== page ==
Writing With Pets = Imagination Insurance

October 3, 2013 in Cat Things, Reblogging Project, Writing

I write full time at home with five cats who provide me with companionship and imagination insurance. I’ll discuss that in brief after a round of feline introductions. Meet my feline overlords:

‘Belle – don’t hate me because I’m beautiful, hate me because you’re not
Meglet – who is a very small animal
Ashbless – poetry in motion…Limerick
Leith – I’m old dammit, show some respect (RIP: Dec 11 2009)
Jordan – I used to be a cute kitten, now I’m a big thug
So, how is this a writing post?

Well, because pets and writers seem to go together like fire and smoke or some other equally trite pairing. Part of this is of course due to us human types being social apes. We’re wired for group interactions and pets provide people who work in solitude with the illusion of having coworkers, or a pack if you prefer.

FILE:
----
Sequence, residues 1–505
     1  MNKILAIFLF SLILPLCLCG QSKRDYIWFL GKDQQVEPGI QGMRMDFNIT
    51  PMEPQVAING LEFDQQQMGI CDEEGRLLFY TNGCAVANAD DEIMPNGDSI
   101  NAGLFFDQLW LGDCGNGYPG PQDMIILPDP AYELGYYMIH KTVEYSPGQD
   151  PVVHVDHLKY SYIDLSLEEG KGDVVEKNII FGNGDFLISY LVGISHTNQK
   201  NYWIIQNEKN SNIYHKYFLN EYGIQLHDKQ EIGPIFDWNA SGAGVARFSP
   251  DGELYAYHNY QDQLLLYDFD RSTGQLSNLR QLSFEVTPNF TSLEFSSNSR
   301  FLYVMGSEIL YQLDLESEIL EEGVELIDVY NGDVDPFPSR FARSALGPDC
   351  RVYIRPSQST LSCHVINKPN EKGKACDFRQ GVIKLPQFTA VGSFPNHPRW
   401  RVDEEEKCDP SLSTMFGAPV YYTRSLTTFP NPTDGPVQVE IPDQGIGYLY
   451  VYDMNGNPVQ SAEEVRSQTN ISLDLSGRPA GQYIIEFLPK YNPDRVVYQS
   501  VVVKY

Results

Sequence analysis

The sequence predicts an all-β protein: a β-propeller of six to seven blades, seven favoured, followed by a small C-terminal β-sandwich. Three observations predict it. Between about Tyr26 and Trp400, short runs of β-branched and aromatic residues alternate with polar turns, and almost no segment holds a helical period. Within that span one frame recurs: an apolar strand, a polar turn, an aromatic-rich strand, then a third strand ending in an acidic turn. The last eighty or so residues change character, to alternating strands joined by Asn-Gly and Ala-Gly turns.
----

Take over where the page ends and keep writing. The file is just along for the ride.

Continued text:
That’s a part of it, but not the most important part, at least not for writers. For us they provide imagination insurance. What’s that you ask? Well, pretty much by definition fiction writers are endowed with overactive imaginations.

We are prone to wild flights of fancy, especially those of us who are speculative fiction types. In shadows we see ghouls and imps. Dragons hide in our garages, and trolls demand tolls when we take the laundry to the basement.

This is by and large a wonderful way to live. Except, of course, when it’s not. Like when the house settles with a horrible screech at three a.m. or when the bats start crawling about in the walls just after sundown. At those times, it’s all too easy to people the shadows with things of malign intent.

That’s where the cats come in. With five, there’s always at least one who’s out of sight somewhere. In a house with cats you don’t need to imagine what’s making that noise. You know. Any horrendous sound anywhere in the house, no matter how horrible or loud, was made by a cat. No trolls. No dragons. No axe-wielding maniacs. Just cute fuzzy creatures who can be safely ignored while you finish that paragraph.

(Originally published on SFNovelists,  March 11 2008, and original comments may be found there. Reposted and reedited as part of the reblogging project)